Penang is a hotspot for street food. Georgetown’s Chulia Street transforms after 6:00 pm. Wafting aromas rise from the dozens of hawkers cooking street food. Follow your nose around the labyrinth of stalls.
Eat In A Hawker Center
If you don’t fancy eating in a restaurant, check out Georgetown’s hawker centers. Stalls with a massive selection of food choices surround an enormous seating area. Walk around the perimeter and find various dishes, including noodles, rice, and fish balls. Others serve barbequed meat and roasted duck.
Order from the stall, take a seat, and the food arrives in minutes. Apart from an almost guaranteed delicious eat, meals usually cost just a few dollars. Check out Red Garden Food Paradise, CF Food Court, and Sungai Pinang Food Court.
Explore Penang’s Peranakan Heritage At Green Mansion
The mint green mini-mansion in Georgetown once belonged to a wealthy Chinese businessman. Covering two stories, the building exhibits elaborate carving on its doors and balcony. Aside from architectural aesthetics, the mansion doubles up as an intriguing museum. Discover Malaysia’s and Penang’s Peranakan culture and traditions inside.
Peranakan refers to a subgroup of Chinese Malaysians whose ancestors migrated to Malaysia hundreds of years ago. Learn about their quirky traditions and superstitions. Find out about family life, traditional food, and daily activities. An English-speaking guided tour is included with the entrance ticket. Most tourists spend an hour inside the Pinang Peranakan Mansion.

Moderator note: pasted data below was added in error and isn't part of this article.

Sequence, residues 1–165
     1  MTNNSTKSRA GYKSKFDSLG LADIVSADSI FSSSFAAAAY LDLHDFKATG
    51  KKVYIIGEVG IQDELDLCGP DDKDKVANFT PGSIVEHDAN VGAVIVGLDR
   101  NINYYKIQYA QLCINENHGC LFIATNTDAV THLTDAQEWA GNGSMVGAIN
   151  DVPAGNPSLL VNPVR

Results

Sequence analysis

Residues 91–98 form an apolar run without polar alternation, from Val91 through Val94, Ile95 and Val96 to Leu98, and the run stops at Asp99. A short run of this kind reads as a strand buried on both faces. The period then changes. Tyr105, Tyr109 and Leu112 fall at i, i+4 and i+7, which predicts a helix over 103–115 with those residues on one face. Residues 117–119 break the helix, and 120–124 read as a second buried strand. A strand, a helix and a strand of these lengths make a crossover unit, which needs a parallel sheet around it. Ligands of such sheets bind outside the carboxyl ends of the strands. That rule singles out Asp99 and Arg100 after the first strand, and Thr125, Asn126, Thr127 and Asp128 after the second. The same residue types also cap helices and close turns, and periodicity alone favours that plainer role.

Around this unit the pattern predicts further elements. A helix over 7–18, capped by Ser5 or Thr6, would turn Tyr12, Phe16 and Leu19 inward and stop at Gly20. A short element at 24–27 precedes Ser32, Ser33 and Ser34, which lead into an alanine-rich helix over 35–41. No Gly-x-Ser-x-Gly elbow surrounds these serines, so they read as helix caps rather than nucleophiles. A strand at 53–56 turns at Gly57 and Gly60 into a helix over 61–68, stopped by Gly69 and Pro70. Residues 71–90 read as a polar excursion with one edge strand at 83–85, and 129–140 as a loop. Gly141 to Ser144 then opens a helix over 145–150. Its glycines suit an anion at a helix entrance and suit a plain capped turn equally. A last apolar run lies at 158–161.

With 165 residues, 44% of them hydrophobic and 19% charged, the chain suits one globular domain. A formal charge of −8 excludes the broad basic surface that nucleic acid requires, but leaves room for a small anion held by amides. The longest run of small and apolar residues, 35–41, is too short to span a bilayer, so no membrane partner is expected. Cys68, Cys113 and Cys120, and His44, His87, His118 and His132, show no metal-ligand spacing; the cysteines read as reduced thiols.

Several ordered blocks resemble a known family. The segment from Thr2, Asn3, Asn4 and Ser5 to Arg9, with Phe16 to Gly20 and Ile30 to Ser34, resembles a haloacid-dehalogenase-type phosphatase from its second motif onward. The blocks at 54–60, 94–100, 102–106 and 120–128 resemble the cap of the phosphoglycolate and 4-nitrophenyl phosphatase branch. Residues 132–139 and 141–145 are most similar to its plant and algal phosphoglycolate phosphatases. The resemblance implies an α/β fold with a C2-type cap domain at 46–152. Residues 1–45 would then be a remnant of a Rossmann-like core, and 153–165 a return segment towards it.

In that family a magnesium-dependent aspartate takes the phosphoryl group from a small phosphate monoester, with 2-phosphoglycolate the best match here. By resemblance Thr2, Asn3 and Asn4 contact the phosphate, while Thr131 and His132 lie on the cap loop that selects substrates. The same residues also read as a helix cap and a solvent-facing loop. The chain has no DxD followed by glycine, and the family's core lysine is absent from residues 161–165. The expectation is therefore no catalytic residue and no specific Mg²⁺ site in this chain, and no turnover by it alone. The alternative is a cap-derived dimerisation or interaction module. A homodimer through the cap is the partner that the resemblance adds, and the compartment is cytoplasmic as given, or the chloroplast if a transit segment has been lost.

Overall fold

Photograph The Most Photographed Building In Georgetown
Cheong Fatt Tze Mansion, often called Blue Mansion, is Penang’s most famous building. The 38-roomed mansion has more than 200 windows and an attractive indigo-blue façade. Various elements blend East and West in the late 19th-century building. Take note of the stained glass windows.
Blue Mansion is a few minutes west of old Penang on Leith Street. After falling into disrepair, Blue Mansion received well-needed restorations in the late 1990s. Join a guided tour of the mansion and learn about Cheong Fatt Tze’s inspiring rags-to-riches story.